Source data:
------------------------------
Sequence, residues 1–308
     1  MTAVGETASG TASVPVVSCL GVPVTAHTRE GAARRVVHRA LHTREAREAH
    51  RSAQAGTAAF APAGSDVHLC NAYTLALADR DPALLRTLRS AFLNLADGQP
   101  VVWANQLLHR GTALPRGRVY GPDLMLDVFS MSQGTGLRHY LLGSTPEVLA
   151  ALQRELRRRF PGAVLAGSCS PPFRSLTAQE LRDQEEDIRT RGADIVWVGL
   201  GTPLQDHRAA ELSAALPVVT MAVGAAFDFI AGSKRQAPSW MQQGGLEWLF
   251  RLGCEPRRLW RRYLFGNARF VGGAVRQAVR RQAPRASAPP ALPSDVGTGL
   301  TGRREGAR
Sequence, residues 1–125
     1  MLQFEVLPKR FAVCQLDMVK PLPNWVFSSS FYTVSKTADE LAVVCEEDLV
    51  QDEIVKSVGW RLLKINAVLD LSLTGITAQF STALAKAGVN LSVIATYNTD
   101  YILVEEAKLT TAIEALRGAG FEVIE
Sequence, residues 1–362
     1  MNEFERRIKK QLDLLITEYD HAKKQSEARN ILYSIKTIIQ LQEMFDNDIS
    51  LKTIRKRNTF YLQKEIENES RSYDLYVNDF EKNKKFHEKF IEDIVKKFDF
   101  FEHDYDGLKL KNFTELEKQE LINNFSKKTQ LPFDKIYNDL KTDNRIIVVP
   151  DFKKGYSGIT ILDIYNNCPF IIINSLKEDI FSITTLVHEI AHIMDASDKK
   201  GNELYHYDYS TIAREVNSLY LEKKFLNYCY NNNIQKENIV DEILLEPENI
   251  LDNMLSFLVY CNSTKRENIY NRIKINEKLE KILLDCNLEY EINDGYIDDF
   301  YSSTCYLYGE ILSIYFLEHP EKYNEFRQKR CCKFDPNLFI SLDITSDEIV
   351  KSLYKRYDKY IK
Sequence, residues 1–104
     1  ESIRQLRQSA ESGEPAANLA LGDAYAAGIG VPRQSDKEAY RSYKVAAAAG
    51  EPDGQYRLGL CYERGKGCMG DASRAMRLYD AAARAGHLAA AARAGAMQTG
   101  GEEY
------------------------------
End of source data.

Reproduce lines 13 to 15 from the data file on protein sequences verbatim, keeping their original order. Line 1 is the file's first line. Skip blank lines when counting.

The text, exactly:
Sequence, residues 1–362
     1  MNEFERRIKK QLDLLITEYD HAKKQSEARN ILYSIKTIIQ LQEMFDNDIS
    51  LKTIRKRNTF YLQKEIENES RSYDLYVNDF EKNKKFHEKF IEDIVKKFDF